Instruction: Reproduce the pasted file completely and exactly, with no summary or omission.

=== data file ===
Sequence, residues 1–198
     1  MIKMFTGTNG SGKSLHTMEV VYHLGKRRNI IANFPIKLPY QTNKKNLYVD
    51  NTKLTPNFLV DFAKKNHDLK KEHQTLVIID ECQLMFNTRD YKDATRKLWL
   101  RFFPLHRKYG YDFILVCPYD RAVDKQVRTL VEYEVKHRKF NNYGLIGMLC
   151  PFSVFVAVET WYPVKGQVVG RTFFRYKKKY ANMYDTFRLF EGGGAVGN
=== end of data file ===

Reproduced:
Sequence, residues 1–198
     1  MIKMFTGTNG SGKSLHTMEV VYHLGKRRNI IANFPIKLPY QTNKKNLYVD
    51  NTKLTPNFLV DFAKKNHDLK KEHQTLVIID ECQLMFNTRD YKDATRKLWL
   101  RFFPLHRKYG YDFILVCPYD RAVDKQVRTL VEYEVKHRKF NNYGLIGMLC
   151  PFSVFVAVET WYPVKGQVVG RTFFRYKKKY ANMYDTFRLF EGGGAVGN